Wednesday, May 6th — After a long day of driving, much longer than we expected because we decided to push on and drive an additional 100 miles, we arrived in Boulder City, Nevada. Boulder City is about 30 miles southeast of Las Vegas, and is home to the Visitor Center for the Lake Mead National Recreation Area and to the world-famous Hoover Dam.
By pushing on (kudos to my chauffeur), we could spend two nights in this one spot rather than set up and break down twice in two nights – preferred by both of us and worth the sacrifice of a long driving day.
After a short visit at the Visitor Center for our requisite informational movie watching and souvenir magnet purchasing, we drove out to the nearby Hoover Dam which is responsible for this area being what it is today. In spite of the fact that the road on top of thedam is the site of a great scene from Albert Brooks’ RV movie, Lost In America, we chose to view it from the newly-completed Mike O’Callaghan – Pat Tillman Memorial Bridge. [Incidentally, Lost in America is the favorite in our RV-themed movie trilogy which also includes Robin Williams’ RV, and Lucy and Desi’s 1953 classic, The Long, Long Trailer. If you’ve seen any of these movies, you’ll understand why we have them in our movie collection these days.]
Back to the O’Callaghan-Tillman Bridge… it’s a massive arch bridge which stands just 1,500 feet south of the Hoover Dam. Finished in 2010 as part of the Hoover Dam Bypass Project, it now takes most of the traffic off the roadway atop the dam, which had been deemed too crowded and dangerous for the amount of traffic using it. This new bridge crosses the Colorado River that the Hoover Dam tames some 880 feet below, and is part of a new highway connecting Arizona and Nevada. We walked out onto the bridge and got a much better view and perspective of the dam than was possible in the past. This engineering marvel was a really cool structure to see!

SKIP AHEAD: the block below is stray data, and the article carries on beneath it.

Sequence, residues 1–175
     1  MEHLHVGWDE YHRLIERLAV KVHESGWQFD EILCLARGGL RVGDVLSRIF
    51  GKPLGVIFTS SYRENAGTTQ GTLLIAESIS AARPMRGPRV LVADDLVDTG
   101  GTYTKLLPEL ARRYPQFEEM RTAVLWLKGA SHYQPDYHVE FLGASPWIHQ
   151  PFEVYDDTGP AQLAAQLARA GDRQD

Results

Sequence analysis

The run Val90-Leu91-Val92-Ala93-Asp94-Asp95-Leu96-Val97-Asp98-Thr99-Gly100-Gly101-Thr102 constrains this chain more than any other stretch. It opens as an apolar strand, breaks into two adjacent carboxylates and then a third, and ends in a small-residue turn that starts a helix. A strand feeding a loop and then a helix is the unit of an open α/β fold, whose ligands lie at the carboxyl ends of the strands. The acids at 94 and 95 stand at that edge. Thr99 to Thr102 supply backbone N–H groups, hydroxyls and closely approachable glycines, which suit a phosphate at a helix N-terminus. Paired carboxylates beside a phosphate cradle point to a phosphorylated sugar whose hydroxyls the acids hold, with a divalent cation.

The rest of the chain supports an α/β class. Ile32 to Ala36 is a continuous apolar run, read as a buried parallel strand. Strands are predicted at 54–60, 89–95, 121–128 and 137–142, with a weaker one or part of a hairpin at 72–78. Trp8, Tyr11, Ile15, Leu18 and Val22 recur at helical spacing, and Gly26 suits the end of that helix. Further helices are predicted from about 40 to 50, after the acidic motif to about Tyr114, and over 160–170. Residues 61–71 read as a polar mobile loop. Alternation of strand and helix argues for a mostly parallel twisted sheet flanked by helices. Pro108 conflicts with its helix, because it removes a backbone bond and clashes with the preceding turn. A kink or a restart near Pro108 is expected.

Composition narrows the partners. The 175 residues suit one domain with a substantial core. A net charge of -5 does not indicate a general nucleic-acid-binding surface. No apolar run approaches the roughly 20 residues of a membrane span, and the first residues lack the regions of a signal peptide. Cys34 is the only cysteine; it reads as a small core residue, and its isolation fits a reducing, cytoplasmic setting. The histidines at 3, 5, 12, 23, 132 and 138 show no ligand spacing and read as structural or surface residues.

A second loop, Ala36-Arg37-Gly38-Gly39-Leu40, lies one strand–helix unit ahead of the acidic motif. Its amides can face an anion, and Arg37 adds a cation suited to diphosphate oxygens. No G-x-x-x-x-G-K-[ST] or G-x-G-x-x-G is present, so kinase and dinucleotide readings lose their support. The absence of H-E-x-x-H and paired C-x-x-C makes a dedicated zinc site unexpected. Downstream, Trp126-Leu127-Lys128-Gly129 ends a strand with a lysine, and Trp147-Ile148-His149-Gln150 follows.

Now hungry, we returned to Lake Mead for lunch at a marina on the southwestern edge of the lake. Lake Mead was created when the dam, then called Boulder Dam, was finished in 1935. Waters of the Colorado River, now backed up, spread into valleys and basins, flooding the lowlands and turning the surrounding dry cliffs into lake shores. The recreation area created by this new lake has been managed by the National Park Service since 1936. When Boulder Dam was renamed Hoover Dam in 1947, the area of Lake Mojave, stretching 67 miles southward from Hoover Dam [all the way down to Davis Dam] was added to the recreation area.
Lake Mead and Lake Mojave are the two centerpieces of what was, in 1964, designated the Lake Mead National Recreation Area. The lives of some 20 million people have been built around this water, and trillions of gallons flow through the area. It irrigates more than one million acres in the U.S. and Mexico, and the power created from it supplies the neighboring big cities of Las Vegas, San Diego, and Los Angeles. For years now, the long drought cycles occurring in this part of the country and the over-commitment of this water have created a maelstrom of controversy for the area. It remains to be seen what this national recreation area will look like in the next several years, but for now, it’s an oasis in what is otherwise the desert Southwest.